Mr. Bennet’s expectations were fully answered. His cousin was as absurd as he had hoped, and he listened to him with the keenest enjoyment, maintaining at the same time the most resolute composure of countenance, and, except in an occasional glance at Elizabeth, requiring no partner in his pleasure.
By tea-time, however, the dose had been enough, and Mr. Bennet was glad to take his guest into the drawing-room again, and, when tea was over, glad to invite him to read aloud to the ladies. Mr. Collins readily assented, and a book was produced; but on beholding it (for everything announced it to be from a circulating library) he started back, and begging pardon, protested that he never read novels. Kitty stared at him, and Lydia exclaimed. Other books were produced, and after some deliberation he chose Fordyce’s Sermons. Lydia gaped as he opened the volume, and before he had, with very monotonous solemnity, read three pages, she interrupted him with —
“Do you know, mama, that my uncle Philips talks of turning away Richard; and if he does, Colonel Forster will hire him. My aunt told me so herself on Saturday. I shall walk to Meryton to-morrow to hear more about it, and to ask when Mr. Denny comes back from town.”
Lydia was bid by her two eldest sisters to hold her tongue; but Mr. Collins, much offended, laid aside his book, and said —
“I have often observed how little young ladies are interested by books of a serious stamp, though written solely for their benefit. It amazes me, I confess; for, certainly, there can be nothing so advantageous to them as instruction. But I will no longer importune my young cousin.” The Narrator, Pride and Prejudice, Chapter 14
If anyone doesn’t know, I am a bookseller at Barnes and Noble, and we get asked the most amazing questions. There is never a dull moment. One of my managers wants to write a book about it. I can add a few stories of my own. Here’s one for Janeites!
I met Mary Bennet today!
My coworkers all know I am a Jane Austen enthusiast. I wear it as a badge of honor. Some of them track me down when customers have Jane Austen questions. So today amongst the bustle of a Saturday, I hear an overhead page for me and head over to the information desk. There, I was introduced to a serious looking young woman with glasses who needed help finding Fordyces Sermons. I kid you not! She had read about them in Pride and Prejudice and wanted to read them herself!
As I stifled a giggle and looked at her with a straight face, I told her what little I knew of them, and that I was doubtful that they were still in print, but I would do my best to search them out in my database (BookMaster, which is like a book geeks playground of every book being published in the US). No luck. She looked at me in total dejection! To buoy her spirits, I told her that she may have more luck at her local library since they were written over 200 years ago, and I would do my best to discover more online (thank goodness for the Internet) and if successful, I would write a post about them on my blog. So here goes.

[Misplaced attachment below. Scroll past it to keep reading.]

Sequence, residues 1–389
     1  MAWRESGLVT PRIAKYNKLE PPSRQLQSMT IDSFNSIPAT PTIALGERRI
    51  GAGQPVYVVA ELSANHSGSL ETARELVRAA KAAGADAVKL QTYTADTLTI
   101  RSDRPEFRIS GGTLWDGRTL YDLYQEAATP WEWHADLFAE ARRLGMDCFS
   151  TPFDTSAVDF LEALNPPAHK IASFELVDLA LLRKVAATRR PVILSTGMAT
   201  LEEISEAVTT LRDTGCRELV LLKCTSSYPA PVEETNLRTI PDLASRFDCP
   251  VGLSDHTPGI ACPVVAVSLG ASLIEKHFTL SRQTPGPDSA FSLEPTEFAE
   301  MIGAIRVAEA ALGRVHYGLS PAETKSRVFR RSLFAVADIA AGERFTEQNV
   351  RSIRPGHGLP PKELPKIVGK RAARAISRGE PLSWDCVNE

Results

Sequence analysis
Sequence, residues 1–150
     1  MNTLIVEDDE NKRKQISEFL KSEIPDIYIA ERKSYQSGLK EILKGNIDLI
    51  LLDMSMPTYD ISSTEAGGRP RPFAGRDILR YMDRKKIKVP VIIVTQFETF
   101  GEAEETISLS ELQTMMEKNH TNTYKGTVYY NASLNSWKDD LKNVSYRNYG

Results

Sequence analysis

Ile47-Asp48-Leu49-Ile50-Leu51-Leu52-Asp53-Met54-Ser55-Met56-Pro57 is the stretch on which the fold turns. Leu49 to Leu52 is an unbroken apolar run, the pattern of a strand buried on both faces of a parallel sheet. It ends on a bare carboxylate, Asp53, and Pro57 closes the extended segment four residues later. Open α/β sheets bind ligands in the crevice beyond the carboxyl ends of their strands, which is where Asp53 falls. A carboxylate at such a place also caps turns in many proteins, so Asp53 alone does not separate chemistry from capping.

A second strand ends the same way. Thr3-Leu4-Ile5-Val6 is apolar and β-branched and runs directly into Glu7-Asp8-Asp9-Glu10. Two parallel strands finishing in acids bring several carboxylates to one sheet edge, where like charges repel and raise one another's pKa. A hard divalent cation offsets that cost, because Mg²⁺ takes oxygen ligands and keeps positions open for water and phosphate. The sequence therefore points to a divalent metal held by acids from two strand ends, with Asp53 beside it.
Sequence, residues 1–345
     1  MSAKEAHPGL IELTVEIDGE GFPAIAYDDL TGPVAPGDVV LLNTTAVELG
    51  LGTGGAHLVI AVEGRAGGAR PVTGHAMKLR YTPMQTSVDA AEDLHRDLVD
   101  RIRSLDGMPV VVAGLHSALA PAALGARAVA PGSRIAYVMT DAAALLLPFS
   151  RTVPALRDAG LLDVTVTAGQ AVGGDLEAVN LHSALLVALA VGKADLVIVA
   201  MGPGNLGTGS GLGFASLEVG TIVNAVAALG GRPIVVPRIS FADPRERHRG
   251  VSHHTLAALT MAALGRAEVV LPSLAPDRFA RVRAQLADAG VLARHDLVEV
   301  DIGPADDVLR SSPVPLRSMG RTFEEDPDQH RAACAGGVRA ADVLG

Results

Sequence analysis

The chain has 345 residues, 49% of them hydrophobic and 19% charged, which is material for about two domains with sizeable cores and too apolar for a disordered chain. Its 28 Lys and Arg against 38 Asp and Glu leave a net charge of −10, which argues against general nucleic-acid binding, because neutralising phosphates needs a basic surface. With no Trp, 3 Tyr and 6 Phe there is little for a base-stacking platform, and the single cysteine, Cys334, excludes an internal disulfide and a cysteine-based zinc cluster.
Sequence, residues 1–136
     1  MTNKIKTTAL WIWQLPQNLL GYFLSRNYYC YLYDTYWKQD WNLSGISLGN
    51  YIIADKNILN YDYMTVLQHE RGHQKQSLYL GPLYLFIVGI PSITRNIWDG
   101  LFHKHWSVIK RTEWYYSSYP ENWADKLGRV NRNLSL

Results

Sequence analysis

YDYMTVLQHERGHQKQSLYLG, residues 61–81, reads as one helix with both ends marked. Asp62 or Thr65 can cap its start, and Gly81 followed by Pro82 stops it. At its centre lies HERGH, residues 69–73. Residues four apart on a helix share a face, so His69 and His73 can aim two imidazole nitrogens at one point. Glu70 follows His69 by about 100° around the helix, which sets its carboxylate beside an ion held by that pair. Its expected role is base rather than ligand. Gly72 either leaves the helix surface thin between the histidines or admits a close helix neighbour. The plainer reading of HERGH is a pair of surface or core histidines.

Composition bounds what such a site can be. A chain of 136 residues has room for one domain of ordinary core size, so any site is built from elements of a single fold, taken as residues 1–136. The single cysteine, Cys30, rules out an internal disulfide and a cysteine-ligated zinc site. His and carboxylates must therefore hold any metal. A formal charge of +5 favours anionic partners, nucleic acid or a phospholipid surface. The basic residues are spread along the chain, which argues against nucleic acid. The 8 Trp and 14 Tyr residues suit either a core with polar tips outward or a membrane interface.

Sermons to Young Woman (1760), or Fordyce’s Sermons as they were informally called, are a two-volume compendium of sermons written and compiled by Dr. James Fordyce (1720-1796) a Scottish clergyman, and were quite popular among clergy and personal libraries in the late 18th-century. The sermons, “which seem to encourage female subjugation to male preferences and emphasize a feminine mannerliness of speech, action, and appearance over substantive development of ideas, seem hopelessly outdated and chauvinistic.” The reference seems even more absurd fifty years later when Jane Austen chose to have her character the Reverend Mr. Collins read them to his young cousins instead of a more entertaining novel. In the eyes of his cousins and the reader, his selection confirms him as a total buffoon, his lopsided judgment and outmoded opinions are totally disagreeable to anyone with an ounce of sensitivity. It is interesting to note that Dr. Fordyce did not marry until eleven years after its publication. It obviously took him many years to find a woman to meet his standards, or one that would overlook his opinions. You can actually read volume one and two online in an 1809 edition through Google Books. The sermons expound on womanly virtue, meekness and servitude. Here is an excerpt from the preface for your amusement. It was as far as I dare venture, hearing Mr. Collins in every sentence!
The preacher is willing to hope, that women of most conditions, and at all ages, may meet with some useful counsels, or some salutary hint, should curiosity incite them to look into these discourses. Should any of those young persons in genteel life, to whom they are chiefly addressed, deem the reprehensions they contain too severe, or too indiscriminate ; he can only say, that as all are dictated by friendship no less than by conviction, so he wishes it to be understood, that many were occasioned by a particular observation of those characters and manners which are esteemed fashionable amongst the young and the gay of this metropolis.
In the country (a denomination which, as matters are commonly conducted, he can by no means allow to the neighbourhood of London) the contagion of vice and folly, it may be presumed, is not so epidemical. In short, he is persuaded, that women of worth and sense are to be found every where, but most frequently in the calm of retreat, and amidst the coolness of recollection. pp iv
There can be nothing so advantageous as instruction. Yes, thank you very much Mr. Collins!